Sermons by Rev. Dr. John Burton
It is that restored world that God promises through the words of the prophet
Hospitality shared with a stranger, with joy, is encountering God.
In this final sermon of the series I have called a ‘helicopter level’ overview of the Bible we begin with John’s enigmatic, poetic, mysterious statement.
In seeking to understand the origin and meaning of our faith and its influence on our daily lives, we are engaged in an unceasing task.
We come now in our helicopter view of the Bible to the gospels – the four books that lie at the centre of our faith.
The structure of the Protestant Old Testament places five books near the middle that are called Books of Wisdom. These five books close out the historical section of the Old Testament.
In the Christian Old Testament there are 15 books named after prophets.
At their heart these stories tell us that in order for humankind to prosper we need to live together in community.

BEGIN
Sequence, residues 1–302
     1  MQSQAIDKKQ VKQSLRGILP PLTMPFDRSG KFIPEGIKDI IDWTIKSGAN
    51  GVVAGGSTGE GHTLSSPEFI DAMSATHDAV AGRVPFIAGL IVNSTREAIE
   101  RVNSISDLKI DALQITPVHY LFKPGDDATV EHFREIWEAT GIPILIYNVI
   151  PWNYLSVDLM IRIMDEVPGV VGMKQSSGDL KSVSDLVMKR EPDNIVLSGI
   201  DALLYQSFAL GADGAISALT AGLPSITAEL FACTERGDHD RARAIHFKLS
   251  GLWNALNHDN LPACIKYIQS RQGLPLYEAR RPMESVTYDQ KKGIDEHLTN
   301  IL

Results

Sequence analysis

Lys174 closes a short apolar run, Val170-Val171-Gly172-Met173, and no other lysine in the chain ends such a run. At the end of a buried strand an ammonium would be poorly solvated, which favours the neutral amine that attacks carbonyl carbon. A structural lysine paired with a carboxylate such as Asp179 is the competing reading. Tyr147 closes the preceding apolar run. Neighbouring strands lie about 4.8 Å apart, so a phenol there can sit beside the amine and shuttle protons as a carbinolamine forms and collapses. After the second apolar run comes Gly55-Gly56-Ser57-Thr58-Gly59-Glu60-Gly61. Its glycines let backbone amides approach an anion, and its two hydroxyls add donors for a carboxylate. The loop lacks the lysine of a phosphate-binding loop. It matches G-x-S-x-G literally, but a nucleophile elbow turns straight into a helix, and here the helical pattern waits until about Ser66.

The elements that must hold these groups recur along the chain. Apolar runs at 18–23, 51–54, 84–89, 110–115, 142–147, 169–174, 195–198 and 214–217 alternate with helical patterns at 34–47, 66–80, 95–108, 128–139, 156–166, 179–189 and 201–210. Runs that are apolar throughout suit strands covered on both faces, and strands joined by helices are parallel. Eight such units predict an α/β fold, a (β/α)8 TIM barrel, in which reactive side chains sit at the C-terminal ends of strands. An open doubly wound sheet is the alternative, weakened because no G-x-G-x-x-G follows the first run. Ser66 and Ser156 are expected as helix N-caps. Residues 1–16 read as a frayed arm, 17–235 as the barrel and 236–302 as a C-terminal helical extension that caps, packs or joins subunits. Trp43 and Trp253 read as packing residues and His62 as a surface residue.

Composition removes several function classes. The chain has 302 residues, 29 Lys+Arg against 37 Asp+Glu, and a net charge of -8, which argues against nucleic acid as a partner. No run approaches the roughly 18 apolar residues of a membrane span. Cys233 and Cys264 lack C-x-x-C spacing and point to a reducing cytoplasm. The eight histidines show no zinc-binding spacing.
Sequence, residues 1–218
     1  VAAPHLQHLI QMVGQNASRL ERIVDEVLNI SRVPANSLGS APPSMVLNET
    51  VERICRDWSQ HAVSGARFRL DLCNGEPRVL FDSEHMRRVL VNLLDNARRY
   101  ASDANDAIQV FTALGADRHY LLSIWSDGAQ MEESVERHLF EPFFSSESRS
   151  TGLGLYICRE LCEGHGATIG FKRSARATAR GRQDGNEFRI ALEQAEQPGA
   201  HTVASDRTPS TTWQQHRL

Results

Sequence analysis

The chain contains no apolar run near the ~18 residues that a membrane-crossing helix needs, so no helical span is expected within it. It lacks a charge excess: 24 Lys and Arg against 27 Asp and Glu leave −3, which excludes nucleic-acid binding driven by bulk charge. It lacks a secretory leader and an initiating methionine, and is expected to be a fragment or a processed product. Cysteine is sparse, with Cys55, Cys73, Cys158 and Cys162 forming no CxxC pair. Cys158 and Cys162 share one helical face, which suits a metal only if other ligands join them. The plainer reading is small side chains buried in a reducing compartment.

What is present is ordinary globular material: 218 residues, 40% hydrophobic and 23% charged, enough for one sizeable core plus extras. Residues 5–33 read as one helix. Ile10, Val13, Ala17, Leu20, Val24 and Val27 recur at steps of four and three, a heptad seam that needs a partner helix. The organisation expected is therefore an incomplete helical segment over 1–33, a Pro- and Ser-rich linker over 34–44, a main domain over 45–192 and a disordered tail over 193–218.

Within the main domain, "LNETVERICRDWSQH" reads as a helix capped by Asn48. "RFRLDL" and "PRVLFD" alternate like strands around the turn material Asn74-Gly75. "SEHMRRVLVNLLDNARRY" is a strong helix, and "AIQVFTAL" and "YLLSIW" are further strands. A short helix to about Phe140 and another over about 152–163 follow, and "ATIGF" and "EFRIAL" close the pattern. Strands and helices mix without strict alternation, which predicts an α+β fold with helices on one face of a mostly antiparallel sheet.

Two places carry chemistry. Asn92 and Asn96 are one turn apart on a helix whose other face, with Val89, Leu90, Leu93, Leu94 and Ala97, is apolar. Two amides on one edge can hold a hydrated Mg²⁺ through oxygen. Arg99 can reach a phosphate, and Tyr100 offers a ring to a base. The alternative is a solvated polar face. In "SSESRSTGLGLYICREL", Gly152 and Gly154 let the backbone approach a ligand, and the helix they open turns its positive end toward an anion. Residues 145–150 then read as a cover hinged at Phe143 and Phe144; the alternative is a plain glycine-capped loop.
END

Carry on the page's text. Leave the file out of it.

my hope is to give you a taste of some of the thinking of scholars about how and when the Bible was written, by whom and for what reasons.
I want to spend the next seven Sundays revisiting our founding tradition as it is handed down in the Bible …
Haida Gwaii is an example of a sabbath place.
What is required is not that we be rescued from above when we are in need, but that we share the strength and the resources that God has given us to care for each other.
At the heart of this story is the question of who’s in and who’s out. How does any social group decide who’s part of ‘us’ and who belongs to ‘the other’.
The exuberant parade of palms that marks the beginning of Holy Week is, when you stop and think about it, a strange episode in the story of Christ’s Passion.